Are You Suffering From Carpal Tunnel?

Hands are vital for almost every action today, from lifting, cleaning, writing, and much more. In addition, most people spend hours on phones, laptops, or operating machines. Over time, wrist pain, hand pain, and numbness can occur. The pain can lead to weakness and even arm pain. These are signs of carpal tunnel syndrome. In some cases, outpatient, minimally invasive surgery is the best treatment option.

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What is carpal tunnel syndrome?

Carpal tunnel syndrome occurs due to pressure on the median nerve. The median nerve runs through the wrist and branches off to the fingers. This nerve passes through the carpal tunnel, a channel made of tissue and bone. Should the carpal tunnel become inflamed, there is less space for the median nerve. As a result, pain, numbness, tingling, and weakness can occur. Most cases are due to years of repetitive motion at jobs or sports. However, genetics, wrist anatomy, certain diseases, and pregnancy can all play a role.

Treating your carpal tunnel

Carpal tunnel syndrome patients can treat the condition in several ways if detected early. A doctor or orthopedic surgeon can use physical, imaging, and nerve tests to determine the extent of the injury. Most cases respond well to non-surgical treatment. Splinting, pain medication and steroid injections are effective options. These, along with proper rest, can help with recovery.

Can Surgery Help?

For severe cases or if non-invasive surgery fails to bring relief, surgery can help. Minimally invasive surgery (MIS) is the preferred option for carpal tunnel release surgery. The goal is to give the median nerve space, which will reduce the symptoms. An orthopedic surgeon will use an endoscope, a thin device with a camera and light at the end. The endoscope goes through a small incision. Another small incision allows a surgical tool to cut away parts of the carpal tunnel. After the procedure, the surgeon closes the incisions and bandages the wrist.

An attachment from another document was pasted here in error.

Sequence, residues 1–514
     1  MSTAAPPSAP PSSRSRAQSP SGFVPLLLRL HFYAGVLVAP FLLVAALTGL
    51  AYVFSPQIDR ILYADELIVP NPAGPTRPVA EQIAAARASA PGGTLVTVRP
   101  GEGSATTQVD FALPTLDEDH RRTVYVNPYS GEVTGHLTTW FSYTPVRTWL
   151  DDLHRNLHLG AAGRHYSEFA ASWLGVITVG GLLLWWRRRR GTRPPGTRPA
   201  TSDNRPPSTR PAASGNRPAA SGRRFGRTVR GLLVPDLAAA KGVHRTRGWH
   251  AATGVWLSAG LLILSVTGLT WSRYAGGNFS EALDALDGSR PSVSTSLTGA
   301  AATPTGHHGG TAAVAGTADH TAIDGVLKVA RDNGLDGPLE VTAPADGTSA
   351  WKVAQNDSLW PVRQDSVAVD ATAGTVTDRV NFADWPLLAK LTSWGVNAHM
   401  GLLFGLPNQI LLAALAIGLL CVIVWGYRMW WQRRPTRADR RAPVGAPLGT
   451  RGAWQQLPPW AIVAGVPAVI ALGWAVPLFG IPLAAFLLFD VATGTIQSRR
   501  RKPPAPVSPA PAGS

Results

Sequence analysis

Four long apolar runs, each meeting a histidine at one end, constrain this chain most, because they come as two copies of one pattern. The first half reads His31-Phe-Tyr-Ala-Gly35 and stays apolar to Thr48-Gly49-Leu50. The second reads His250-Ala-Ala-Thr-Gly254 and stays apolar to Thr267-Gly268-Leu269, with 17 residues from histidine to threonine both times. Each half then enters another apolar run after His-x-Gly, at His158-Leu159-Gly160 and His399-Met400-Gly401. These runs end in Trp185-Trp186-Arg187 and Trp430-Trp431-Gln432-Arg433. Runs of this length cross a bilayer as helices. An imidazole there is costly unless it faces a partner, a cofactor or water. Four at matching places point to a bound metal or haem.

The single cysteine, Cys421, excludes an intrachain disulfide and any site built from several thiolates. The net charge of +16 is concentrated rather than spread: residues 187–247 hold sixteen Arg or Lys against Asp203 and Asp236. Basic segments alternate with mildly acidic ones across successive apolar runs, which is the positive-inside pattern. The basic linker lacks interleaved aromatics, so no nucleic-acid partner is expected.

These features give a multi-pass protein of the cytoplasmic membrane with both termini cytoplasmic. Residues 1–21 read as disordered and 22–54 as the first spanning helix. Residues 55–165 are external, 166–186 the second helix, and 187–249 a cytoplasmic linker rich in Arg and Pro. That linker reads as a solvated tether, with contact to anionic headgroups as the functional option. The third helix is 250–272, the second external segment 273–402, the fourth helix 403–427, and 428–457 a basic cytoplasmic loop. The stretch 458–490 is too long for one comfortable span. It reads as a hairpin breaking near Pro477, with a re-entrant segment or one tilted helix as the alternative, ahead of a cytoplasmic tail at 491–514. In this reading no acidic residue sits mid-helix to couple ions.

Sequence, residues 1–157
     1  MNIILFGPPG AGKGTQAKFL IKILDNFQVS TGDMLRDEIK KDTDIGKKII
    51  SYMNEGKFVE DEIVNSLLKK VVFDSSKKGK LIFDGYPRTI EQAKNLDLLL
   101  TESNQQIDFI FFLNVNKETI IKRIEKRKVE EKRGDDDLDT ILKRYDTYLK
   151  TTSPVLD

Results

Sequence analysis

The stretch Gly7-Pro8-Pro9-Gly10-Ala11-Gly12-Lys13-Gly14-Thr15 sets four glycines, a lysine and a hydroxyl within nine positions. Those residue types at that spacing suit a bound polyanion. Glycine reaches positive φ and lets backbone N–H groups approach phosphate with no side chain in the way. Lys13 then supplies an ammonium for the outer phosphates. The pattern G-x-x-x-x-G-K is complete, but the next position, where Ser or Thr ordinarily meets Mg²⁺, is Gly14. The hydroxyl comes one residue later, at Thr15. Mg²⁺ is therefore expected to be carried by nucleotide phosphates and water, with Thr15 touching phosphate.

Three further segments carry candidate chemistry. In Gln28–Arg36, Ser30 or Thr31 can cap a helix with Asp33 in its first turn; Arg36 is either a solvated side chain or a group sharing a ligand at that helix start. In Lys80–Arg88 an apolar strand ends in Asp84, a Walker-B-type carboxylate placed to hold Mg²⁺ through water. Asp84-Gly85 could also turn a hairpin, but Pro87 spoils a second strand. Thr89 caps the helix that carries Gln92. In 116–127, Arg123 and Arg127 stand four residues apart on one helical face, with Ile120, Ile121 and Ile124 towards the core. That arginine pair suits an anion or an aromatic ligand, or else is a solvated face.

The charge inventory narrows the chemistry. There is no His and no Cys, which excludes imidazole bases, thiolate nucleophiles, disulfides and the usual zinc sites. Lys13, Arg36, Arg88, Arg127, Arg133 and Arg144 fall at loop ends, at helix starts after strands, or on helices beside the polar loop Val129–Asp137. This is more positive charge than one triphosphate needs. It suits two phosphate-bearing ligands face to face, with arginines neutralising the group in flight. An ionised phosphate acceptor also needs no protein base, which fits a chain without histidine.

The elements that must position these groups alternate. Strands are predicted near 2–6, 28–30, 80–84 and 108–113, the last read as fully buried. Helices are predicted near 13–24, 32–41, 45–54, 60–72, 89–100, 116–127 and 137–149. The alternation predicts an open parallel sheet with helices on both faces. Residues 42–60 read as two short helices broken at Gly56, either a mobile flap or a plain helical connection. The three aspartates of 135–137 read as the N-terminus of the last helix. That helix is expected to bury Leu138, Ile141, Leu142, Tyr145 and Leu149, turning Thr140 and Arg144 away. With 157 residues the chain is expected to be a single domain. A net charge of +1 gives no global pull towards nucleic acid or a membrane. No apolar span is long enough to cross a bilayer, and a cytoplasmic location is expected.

The benefits of outpatient surgery

MIS is an outpatient procedure, meaning the patient leaves the hospital the same day. This makes surgery very convenient for patients. With MIS, there are smaller scars and less postoperative pain. There is also a reduced risk of infection and up to 90% success rates. Carpal tunnel release may require several weeks of recovery. During this time, rest, pain management, and physical therapy can help with better outcomes. If non-surgical treatment fails or severe carpal tunnel restricts the use of the hands, outpatient surgery is a viable option.

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